In audio-visual navigation, an agent intelligently travels through a complex, unmapped 3D environment using
both sights and sounds to find a sound source (e.g., a phone ringing in another room). Existing models learn to
act at a fixed granularity of agent motion and rely on simple recurrent aggregations of the audio observations.
We introduce a reinforcement learning approach to audio-visual navigation with two key novel elements: 1)
waypoints that are dynamically set and learned end-to-end within the navigation policy, and 2) an acoustic memory
that provides a structured, spatially grounded record of what the agent has heard as it moves. Both new ideas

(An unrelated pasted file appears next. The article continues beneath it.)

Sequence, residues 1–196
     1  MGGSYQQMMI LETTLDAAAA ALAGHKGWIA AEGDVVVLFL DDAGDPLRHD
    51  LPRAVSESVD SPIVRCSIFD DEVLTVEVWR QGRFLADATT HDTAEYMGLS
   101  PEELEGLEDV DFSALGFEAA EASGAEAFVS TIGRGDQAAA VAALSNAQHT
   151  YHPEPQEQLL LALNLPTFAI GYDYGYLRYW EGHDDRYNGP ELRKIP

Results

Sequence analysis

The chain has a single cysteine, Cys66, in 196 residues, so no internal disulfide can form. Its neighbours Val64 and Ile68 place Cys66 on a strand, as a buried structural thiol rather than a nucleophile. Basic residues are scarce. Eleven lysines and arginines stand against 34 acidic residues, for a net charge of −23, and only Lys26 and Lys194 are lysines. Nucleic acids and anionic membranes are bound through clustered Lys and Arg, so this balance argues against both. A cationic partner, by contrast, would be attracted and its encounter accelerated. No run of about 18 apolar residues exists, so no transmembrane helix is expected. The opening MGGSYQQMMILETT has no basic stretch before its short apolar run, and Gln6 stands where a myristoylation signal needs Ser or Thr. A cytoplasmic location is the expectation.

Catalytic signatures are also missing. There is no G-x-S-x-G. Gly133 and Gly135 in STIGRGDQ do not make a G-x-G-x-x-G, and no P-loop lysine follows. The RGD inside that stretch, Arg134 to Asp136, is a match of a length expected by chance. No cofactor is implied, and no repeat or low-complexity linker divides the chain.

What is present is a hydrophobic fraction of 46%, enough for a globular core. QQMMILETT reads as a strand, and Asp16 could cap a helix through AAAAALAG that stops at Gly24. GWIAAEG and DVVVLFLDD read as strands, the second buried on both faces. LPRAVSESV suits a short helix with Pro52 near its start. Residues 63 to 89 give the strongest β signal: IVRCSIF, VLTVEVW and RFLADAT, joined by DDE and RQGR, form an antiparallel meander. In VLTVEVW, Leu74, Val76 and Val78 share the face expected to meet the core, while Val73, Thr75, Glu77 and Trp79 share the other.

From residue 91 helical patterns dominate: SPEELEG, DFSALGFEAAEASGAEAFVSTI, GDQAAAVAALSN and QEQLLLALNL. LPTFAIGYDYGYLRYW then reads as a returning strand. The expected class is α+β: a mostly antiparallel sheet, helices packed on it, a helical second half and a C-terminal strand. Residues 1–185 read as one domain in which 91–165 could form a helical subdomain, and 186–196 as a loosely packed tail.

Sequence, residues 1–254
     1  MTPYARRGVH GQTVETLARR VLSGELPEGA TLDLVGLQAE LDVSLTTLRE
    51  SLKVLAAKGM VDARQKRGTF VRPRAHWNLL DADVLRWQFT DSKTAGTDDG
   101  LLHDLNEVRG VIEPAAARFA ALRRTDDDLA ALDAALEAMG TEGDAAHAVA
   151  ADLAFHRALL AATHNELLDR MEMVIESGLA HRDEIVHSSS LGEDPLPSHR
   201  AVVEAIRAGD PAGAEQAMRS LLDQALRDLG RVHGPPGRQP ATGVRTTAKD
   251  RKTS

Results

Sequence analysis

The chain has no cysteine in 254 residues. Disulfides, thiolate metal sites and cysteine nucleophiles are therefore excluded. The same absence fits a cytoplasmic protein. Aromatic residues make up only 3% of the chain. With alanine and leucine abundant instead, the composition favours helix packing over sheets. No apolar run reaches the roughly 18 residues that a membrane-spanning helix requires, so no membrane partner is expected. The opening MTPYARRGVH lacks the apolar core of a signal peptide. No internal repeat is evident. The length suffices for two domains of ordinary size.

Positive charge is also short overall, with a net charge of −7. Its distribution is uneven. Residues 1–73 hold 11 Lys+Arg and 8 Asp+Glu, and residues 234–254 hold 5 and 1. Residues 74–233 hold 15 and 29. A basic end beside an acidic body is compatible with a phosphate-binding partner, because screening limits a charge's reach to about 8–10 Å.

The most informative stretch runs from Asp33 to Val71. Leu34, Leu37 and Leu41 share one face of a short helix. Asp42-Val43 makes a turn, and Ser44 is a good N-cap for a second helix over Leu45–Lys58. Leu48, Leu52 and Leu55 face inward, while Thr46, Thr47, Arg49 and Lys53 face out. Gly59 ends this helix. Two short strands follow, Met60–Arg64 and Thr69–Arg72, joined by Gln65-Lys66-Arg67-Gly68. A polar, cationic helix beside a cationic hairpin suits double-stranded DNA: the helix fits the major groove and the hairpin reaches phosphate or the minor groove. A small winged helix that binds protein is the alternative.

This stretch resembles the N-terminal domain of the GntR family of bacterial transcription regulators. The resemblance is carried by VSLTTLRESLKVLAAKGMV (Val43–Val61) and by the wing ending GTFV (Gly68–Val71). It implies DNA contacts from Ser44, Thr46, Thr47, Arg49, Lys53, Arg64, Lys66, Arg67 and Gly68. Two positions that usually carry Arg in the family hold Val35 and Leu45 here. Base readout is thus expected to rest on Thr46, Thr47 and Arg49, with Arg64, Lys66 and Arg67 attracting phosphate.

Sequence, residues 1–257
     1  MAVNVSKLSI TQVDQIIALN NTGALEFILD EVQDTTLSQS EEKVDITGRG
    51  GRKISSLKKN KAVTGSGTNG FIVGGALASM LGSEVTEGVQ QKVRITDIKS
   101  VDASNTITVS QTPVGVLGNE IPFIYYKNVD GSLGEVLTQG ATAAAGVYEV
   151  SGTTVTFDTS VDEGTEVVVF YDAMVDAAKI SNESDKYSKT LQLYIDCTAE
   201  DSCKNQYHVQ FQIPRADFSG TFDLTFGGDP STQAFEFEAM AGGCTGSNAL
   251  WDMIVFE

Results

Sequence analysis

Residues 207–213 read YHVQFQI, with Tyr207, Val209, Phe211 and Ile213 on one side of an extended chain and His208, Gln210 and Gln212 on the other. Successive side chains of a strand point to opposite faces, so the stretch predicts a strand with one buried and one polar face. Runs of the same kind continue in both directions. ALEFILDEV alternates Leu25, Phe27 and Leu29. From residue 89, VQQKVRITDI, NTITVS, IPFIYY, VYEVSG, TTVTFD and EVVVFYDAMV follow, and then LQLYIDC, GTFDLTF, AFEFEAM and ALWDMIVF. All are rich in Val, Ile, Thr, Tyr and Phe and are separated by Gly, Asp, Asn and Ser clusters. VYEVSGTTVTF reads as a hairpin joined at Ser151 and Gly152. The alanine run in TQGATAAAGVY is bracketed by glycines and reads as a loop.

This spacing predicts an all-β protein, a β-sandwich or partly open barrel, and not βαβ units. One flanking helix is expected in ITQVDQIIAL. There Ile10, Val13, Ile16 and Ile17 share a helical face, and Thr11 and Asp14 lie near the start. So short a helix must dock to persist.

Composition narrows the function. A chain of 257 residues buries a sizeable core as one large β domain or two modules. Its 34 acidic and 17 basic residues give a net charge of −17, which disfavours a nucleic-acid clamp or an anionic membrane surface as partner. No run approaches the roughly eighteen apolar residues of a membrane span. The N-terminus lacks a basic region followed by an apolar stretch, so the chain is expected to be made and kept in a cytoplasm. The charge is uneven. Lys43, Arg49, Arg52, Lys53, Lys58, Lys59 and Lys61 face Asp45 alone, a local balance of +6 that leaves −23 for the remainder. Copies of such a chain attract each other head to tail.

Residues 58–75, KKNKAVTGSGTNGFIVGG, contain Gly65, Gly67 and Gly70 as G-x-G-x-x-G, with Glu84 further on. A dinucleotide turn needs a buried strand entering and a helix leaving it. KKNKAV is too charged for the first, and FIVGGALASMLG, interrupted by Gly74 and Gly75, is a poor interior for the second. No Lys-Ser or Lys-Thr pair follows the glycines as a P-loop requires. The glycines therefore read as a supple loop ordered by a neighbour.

capitalize on the synergy of audio and visual data for revealing the geometry of an unmapped space. We demonstrate
our approach on two challenging datasets of real-world 3D scenes, Replica and Matterport3D. Our model improves the
state of the art by a substantial margin, and our experiments reveal that learning the links between sights, sounds,
and space is essential for audio-visual navigation.